Author: Mary Sharratt
Publisher: HMH Books
Type of book: Gustav Mahler, Alma Schindler-Mahler, affairs, passion, ecstasy, music, composing, motherhood, marriage, older male/younger female pairing, 1899-1900s, denying talent and gifts, travel, genius husband, survival
Year it was published: 2018
In the glittering hotbed of turn-of-the-twentieth-century Vienna, one woman’s life would define and defy an era
Gustav Klimt gave Alma her first kiss. Gustav Mahler fell in love with her at first sight and proposed only a few weeks later. Bauhaus founder Walter Gropius abandoned all reason to pursue her. Poet and novelist Franz Werfel described her as “one of the very few magical women that exist.” But who was this woman who brought these most eminent of men to their knees? In Ecstasy, Mary Sharratt finally gives one of the most controversial and complex women of her time the center stage.
Coming of age in the midst of a creative and cultural whirlwind, young, beautiful Alma Schindler yearns to make her mark as a composer. A brand-new era of possibility for women is dawning and she is determined to make the most of it. But Alma loses her heart to the great composer Gustav Mahler, nearly twenty years her senior. He demands that she give up her music as a condition for their marriage. Torn by her love and in awe of his genius, how will she remain true to herself and her artistic passion?
Part cautionary tale, part triumph of the feminist spirit, Ecstasy reveals the true Alma Mahler: composer, author, daughter, sister, mother, wife, lover, and muse.
Main characters include Alma Schindler Mahler, a beautiful and talented young woman who desires to become a composer in a time when few occupations are open to women. She is best described as beautiful, passionate and loyal to those she loves, whether or not they deserve it. She is also very passionate about sharing her own gift with the world. Gustav Mahler ultimately wins Alma's heart and he is far older than she, a Jew who became a Catholic as well as someone who is talented with composing but at the same time extremely clueless when it comes to Alma's needs and human relationships. There are other characters in the story such as Alma's mother and her sister, as well as various friends that flit in and out of their lives, but I feel that they are not as visible as Alma and Gustav are.
A woman has dozens of roles, its impossible to disobey the call of the gift
The story is written in third person narrative from Alma's point of view and it covers 1899 up to 1910 or so, basically the time that Alma becomes (briefly) enamored with Gustav Klimt to the time her marriage to Gustav Mahler is over, and it takes place in Vienna. I knew very little about Vienna at the turn of the century and was delighted to see it prior to WWII. The story is also linear and doesn't begin in media res. (Start at the beginning.) The characters, the plot are all well done and well covered and the author has a good balance between getting a reader curious to know what will happen next to Alma and doesn't overshare on the details. For those who are new to historical fiction and are looking something different from WWII novels, but are too afraid of being overwhelmed this will be an ideal read.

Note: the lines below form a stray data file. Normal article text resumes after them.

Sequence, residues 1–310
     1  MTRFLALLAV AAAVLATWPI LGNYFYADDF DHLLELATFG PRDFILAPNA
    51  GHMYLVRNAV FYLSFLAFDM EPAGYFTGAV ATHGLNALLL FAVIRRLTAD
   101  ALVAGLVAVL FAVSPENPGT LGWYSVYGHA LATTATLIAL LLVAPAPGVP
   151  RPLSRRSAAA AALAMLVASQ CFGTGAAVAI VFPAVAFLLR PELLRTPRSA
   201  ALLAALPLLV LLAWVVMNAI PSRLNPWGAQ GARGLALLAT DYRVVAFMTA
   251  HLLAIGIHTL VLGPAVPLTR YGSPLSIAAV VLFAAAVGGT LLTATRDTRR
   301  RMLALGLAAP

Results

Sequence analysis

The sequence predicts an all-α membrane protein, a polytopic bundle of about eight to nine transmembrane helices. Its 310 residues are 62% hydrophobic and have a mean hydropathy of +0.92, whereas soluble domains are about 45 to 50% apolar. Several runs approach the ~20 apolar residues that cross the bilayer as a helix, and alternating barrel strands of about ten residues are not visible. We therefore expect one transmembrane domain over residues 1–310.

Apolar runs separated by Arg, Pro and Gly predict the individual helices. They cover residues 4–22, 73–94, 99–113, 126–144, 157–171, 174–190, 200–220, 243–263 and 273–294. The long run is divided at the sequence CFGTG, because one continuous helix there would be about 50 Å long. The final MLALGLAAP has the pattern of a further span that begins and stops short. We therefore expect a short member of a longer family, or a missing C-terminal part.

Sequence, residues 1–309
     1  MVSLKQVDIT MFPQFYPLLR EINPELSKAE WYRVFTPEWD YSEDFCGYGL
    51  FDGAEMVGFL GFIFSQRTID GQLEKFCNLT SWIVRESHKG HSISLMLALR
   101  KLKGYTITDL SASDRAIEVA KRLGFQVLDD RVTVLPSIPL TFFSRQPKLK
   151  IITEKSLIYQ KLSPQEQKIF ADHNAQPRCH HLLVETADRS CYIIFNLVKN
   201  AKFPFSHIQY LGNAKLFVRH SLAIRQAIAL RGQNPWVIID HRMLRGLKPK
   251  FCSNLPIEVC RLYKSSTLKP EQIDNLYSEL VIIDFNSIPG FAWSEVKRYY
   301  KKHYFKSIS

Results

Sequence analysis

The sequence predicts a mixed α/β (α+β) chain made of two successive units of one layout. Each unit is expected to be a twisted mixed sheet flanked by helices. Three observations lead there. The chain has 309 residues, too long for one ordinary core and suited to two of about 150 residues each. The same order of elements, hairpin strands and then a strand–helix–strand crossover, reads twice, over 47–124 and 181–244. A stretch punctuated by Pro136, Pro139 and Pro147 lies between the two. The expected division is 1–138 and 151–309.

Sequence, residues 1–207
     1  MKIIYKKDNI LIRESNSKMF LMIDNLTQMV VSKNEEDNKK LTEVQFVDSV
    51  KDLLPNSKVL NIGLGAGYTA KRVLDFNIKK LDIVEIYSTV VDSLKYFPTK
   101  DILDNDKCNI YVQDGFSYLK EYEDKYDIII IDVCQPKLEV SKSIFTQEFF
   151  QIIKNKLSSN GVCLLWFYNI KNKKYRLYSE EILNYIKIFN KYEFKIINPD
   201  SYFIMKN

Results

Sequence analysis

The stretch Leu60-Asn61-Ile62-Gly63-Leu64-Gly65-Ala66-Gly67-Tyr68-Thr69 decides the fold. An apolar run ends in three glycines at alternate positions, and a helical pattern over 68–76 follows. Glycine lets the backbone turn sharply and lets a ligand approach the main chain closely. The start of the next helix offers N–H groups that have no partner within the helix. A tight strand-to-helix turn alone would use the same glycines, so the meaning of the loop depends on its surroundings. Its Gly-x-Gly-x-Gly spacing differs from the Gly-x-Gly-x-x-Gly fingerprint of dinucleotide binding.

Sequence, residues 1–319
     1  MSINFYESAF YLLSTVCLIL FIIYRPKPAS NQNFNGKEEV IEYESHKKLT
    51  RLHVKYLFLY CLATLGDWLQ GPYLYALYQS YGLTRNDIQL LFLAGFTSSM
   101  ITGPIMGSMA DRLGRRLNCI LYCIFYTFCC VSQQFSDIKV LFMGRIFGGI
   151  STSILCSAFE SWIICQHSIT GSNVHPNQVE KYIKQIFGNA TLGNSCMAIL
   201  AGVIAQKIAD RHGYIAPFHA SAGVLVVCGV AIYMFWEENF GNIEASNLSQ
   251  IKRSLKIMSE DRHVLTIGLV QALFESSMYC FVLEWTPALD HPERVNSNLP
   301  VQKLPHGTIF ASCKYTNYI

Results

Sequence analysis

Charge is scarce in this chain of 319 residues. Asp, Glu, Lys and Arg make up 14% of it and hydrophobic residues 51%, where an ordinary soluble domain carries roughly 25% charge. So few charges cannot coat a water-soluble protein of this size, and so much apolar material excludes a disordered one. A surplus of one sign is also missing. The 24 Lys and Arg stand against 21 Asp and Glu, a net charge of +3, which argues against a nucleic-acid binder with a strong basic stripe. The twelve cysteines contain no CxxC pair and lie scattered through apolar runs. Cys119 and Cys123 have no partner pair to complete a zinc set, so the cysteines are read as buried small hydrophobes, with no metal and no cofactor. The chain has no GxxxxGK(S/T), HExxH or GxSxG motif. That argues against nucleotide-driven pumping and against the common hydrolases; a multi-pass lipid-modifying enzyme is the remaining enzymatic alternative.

About the Author
MARY SHARRATT is an American writer who has lived in the Pendle region of Lancashire, England, for the past seven years. The author of the critically acclaimed novels Summit Avenue, The Real Minerva, and The Vanishing Point, Sharratt is also the co-editor of the subversive fiction anthology Bitch Lit, a celebration of female antiheroes, strong women who break all the rules.
Her novels include Summit Avenue, The Real Minera, The Vanishing Point, The Daughters of Witching Hill, Illuminations, and The Dark Lady’s Mask.
For more information, please visit Mary Sharratt’s website. You can also connect with her on Facebook, Twitter, and Goodreads.
In a good way, I don't know where to start in praising the book. I have previously read the author's other novel, THE DARK LADY'S MASK, which is about Shakespeare's muse, and her life, where the author teased between a respectable life versus affair, and life of passions versus boredom. In ECSTASY, she delves much deeper into that line, invoking and sculpting a woman so lifelike to people of today as she struggles with all too daily life of child-rearing, having a husband who is clueless to her needs and understanding her as both a person and a woman. As I found myself reading the novel, I found myself becoming enamored of Alma and of her predicament, as well as how close her predicament hits too close to home in some instances. I also admired Alma for her restraint in life and how much she has sacrificed to help her husband, Gustav, become great. As sad as it sounds, while a lot has changed when it comes to women and their position, one main aspect that hasn't changed is marriage and childbirth and how beyond that women are rarely seen as anything but mothers and wives in even today's society. Also, I love the cover and find it extremely gorgeous.
This is for HFVBT
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5 out of 5
(0: Stay away unless a masochist 1: Good for insomnia 2: Horrible but readable; 3: Readable and quickly forgettable, 4: Good, enjoyable 5: Buy it, keep it and never let it go.)